The Cookbook for Men Who Must (Or Just Want to)
Simple Recipes, Few Ingredients (Mostly)
Let’s face it: a man’s idea of cooking a meal is heating up left-over Chinese take-out or zapping yesterday’s pizza slice in the microwave oven for breakfast. Sure the top chefs in the world are men but when it comes to the majority of us we can barely be bothered to wash our hands let alone remember that there is an expiration date on milk. The idea of the average everyday man using a cookbook—let alone drinking out a glass—is preposterous especially when no female is there to scrutinize.
Richard Chamberlain’s The Cookbook for Men Who Must is testosterone user-friendly. His mature understanding of the human male comedy blows away the dry dull and work-oriented that induces the frustration and narcoleptic tendencies in men. Chamberlain arms the reader with a list of necessary tools and ingredients then prompts them with simple vocabulary terms and techniques. He expects the reader to make some mistakes and emphasizes that there is nothing wrong with trial and error. He includes an easy to follow table of contents that is divided up into simple categories then further sub-divided to increase comprehension. For example Introduction branches into Seasoning and Taste Peppers and Spices Sauces Variations and Heat. The chapter entitled Getting Started—Read Me First is divided into: Tools and the Proper Equipment Stocking the Pantry Folding Kneading and Melting Chocolate. He includes a blank section at the end of each chapter for notes and provides conversion charts and an index at the end of the book. His recipes are divided into Breakfast Lunch Dinner Parties Appetizers/Snacks Salads Side Dishes Main Courses and Desserts. All together there are over forty recipes and variations ranging from grilled beef with vinegar marinade to chocolate chip cookies.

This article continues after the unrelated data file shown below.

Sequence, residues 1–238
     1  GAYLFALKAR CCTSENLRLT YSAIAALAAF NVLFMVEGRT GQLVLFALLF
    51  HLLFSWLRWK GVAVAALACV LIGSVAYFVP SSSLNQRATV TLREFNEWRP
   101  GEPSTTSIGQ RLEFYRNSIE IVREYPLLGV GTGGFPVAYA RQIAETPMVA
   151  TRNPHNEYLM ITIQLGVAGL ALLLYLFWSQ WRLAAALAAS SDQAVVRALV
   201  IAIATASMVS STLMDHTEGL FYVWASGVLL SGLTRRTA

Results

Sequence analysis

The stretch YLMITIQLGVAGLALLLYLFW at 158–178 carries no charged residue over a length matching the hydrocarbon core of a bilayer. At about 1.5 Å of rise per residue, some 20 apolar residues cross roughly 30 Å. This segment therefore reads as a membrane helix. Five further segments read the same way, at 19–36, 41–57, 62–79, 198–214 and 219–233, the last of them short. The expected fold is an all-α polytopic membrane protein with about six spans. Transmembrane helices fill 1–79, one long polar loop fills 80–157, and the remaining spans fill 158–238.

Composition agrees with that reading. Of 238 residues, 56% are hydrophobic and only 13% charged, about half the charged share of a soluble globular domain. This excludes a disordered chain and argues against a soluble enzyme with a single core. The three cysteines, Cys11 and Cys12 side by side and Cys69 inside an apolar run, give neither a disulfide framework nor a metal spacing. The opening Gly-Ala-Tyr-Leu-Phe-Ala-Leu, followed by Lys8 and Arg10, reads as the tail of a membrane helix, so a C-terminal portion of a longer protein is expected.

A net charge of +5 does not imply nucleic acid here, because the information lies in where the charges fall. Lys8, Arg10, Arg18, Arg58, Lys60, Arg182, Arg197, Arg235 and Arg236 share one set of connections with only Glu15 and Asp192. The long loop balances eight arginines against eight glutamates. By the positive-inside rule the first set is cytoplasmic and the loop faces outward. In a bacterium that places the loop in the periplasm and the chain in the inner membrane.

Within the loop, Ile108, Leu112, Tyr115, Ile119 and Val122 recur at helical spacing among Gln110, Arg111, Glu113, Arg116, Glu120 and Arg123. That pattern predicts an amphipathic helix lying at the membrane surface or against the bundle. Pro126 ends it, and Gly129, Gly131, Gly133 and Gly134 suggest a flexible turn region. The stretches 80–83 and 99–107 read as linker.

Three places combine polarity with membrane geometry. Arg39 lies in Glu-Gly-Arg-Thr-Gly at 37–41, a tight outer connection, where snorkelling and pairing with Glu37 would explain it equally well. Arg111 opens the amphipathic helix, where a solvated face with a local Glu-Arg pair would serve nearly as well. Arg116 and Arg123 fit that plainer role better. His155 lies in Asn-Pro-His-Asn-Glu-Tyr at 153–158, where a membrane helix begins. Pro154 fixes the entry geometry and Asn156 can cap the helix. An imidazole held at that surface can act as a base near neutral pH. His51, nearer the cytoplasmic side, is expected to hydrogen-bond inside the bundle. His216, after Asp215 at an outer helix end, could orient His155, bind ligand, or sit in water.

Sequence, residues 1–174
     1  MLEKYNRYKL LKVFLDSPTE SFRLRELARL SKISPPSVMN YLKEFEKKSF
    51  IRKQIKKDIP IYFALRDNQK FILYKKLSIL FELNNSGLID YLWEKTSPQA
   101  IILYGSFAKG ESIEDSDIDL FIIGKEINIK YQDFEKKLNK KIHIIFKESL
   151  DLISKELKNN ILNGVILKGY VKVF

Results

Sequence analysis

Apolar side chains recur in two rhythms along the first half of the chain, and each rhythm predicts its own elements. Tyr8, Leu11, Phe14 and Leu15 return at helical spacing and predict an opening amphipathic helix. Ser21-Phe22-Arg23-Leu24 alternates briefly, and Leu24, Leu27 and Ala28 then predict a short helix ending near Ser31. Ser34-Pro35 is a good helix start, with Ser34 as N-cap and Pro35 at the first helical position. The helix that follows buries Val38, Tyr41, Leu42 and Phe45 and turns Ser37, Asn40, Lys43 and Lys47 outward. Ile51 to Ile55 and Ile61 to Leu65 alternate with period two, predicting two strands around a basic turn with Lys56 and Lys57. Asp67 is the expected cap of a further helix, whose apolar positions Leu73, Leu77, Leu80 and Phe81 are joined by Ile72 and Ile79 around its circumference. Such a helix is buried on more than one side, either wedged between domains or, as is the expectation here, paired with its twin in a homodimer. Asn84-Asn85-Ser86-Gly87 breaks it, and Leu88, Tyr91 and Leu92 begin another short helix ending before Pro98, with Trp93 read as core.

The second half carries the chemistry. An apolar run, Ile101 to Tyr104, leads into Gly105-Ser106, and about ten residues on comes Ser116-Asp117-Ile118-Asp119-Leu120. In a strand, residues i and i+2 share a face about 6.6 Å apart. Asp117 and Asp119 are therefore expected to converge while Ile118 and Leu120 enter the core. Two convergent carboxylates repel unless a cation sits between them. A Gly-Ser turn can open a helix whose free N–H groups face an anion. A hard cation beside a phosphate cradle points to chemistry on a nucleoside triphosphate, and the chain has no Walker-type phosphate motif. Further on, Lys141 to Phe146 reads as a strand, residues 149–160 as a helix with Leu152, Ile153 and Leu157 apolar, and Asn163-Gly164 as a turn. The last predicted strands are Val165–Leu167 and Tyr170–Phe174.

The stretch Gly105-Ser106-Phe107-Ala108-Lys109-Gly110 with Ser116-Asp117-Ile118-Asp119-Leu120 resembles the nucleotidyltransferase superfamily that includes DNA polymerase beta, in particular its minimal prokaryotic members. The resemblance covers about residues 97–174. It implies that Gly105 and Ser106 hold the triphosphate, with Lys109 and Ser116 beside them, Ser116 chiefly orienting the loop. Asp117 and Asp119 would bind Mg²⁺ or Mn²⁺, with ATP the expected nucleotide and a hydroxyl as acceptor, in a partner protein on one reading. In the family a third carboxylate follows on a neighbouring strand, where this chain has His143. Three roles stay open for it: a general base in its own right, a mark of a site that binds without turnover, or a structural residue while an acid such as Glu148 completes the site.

Chamberlain makes attempts throughout his book to suggest healthy eating—the cutting back of sugar by using honey trimming fat from meat etc. He mentions that ‘everything should be in moderation including moderation.’ Yet an ominous and tantalizing warning surfaces again and again in the text warning the budding male cook not to read the last chapter especially if he is watching his weight. Finally he writes in giant green letters “Don’t even go here” then smaller “How many times did I tell you not to read this? Ok so you’re a guy. There are some recipes that should not be used except in emergencies. For the most part they are from you four major food groups—butter eggs sugar and cream—plus some chocolate.”
Chamberlain’s sense of humor disarms and charms while he goes about the task of removing the cobwebs of mystification from the kitchen. The Cookbook for Men Who Must puts the novice at ease while amusing the more advanced. This a good starter cookbook for anyone—not just men.